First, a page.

Rebecca Pearce’s resignation as director of the still-broken Maryland health exchange last week makes her the third blue-state exchange director to leave such a position after Hawaii’s director resigned and Oregon’s took a leave of absence. But Pearce went out in style after spending $107 million on a site that still doesn’t work. In the Caymans, baby!
The director of Maryland’s troubled health insurance exchange resigned Friday amid ongoing technical problems and questions about a Caribbean vacation she took while the online marketplace faltered.
The board of the Maryland Heath Benefit Exchange accepted Pearce’s resignation during an emergency session Friday night. In a statement, Joshua Sharfstein, the state health secretary and board chairman, said Pearce “worked tirelessly and with tremendous dedication.” …
As state lawmakers grilled Sharfstein on Nov. 26 on why the health exchange was still broken, Pearce was on a week’s vacation in the Cayman Islands.
During the trip, she could not be reached by phone, email or text, the health department said Friday.
Brown said in an interview Friday that he did not know Pearce planned to leave town until she was already gone. He called her absence during the week of Thanksgiving a “very” big problem. “We just launched a staff surge and we needed all hands on deck,” he said. “Now is not the time to take a vacation.”
Did you catch that? It’s not like she had a vacation planned for right after the exchange launched assuming things would go fine, which would have been irresponsible enough. She waited until it failed, the heat got turned up on her staff, and then peaced out and claimed she had not e-mail or phone access. Because the Caribbean is so famously remote.
Flashback to when hopes were high before the site launched and enrolled some 3,700 residents in three months. They were shooting for 150,000.
“It’s not very often you get a chance to change history.” She said that enrolling thousands of the state’s 800,000 uninsured residents for coverage starting in 2014 was the final step in implementing President Obama’s signature legislation: “We’ve built the present, wrapped it, and now we’re trying to put the bow on it.”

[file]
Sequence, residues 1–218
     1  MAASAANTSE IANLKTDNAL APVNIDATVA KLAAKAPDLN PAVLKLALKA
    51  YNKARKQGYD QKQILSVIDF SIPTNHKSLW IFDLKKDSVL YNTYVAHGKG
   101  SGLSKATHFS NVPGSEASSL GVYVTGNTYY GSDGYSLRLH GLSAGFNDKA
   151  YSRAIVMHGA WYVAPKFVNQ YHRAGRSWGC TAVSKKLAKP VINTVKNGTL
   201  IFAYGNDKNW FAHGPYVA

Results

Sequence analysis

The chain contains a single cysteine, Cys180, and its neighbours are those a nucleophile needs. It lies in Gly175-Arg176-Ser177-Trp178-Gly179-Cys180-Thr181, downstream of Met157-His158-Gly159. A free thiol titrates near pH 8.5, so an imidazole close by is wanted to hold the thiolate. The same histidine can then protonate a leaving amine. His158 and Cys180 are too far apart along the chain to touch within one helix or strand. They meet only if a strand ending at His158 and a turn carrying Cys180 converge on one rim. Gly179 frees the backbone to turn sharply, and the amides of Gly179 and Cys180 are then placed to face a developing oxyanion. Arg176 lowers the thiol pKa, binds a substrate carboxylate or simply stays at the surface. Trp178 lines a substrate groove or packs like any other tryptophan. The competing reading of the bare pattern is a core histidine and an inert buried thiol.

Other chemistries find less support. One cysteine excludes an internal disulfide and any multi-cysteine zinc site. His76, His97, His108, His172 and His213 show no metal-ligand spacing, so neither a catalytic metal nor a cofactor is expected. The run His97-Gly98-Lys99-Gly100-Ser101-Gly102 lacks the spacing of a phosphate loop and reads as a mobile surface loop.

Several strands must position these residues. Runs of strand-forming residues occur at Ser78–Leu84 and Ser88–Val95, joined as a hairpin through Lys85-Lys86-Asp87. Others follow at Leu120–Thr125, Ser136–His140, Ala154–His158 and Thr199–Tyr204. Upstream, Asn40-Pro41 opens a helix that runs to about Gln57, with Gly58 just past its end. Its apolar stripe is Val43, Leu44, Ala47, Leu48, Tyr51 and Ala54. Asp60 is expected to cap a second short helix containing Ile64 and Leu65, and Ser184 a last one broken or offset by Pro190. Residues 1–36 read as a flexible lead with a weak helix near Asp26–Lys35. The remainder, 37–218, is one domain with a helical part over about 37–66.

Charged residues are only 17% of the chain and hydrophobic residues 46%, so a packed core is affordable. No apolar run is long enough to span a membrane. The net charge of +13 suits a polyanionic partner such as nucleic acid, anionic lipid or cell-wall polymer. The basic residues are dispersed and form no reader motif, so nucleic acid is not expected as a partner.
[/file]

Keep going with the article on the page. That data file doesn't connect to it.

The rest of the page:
As I’ve reported before, if there was a state that was going to get the exchange right, it was Maryland. They jumped in with both feet, they have many experienced health bureaucrats in a smallish state, and they funded this thing out the wazoo from the get-go. I attended meetings of the Maryland heath exchange board with Pearce and Sharfstein over the course of two years and no one seemed to have any inkling it would go down in flames. In fact, they boasted at each meeting of added functionality and promised the exchange would do things no other exchange would be able to do. That may have been its undoing:
Laszewski said he and others believed that Maryland was going to be an example of a well-run exchange because it had a supportive state government that started early. The state was also transparent about the setup process and was reporting doing testing during the summer, he said.
“And then they launched and fell flat on their face,” he said of the website’s October rollout…
Joel Ario, who oversaw initial planning for the insurance marketplaces in the Obama administration and is now a top consultant with Manatt Health Solutions, knows the former leaders of both the Maryland and Oregon exchanges and said he doesn’t believe either was the problem. But Ario said that when things don’t go well “the people at the top have some accountability.” He said part of the trouble with the Maryland exchange may be that the state had a more elaborate plan for its website when it could have started with a slimmed-down plan that just met the basic requirements.
This will all be fun when Gov. Martin O’Malley and Hillary Clinton are arguing over who had least to do with Obamacare.
Exit quotation: “All right, let me just wrap up by saying this: Like any law, like any big product launch, there are going to be some glitches as this thing unfolds. Folks in different parts of the country will have different experiences. It’s going to be smoother in places like Maryland where governors are working to implement it rather than fight it.”
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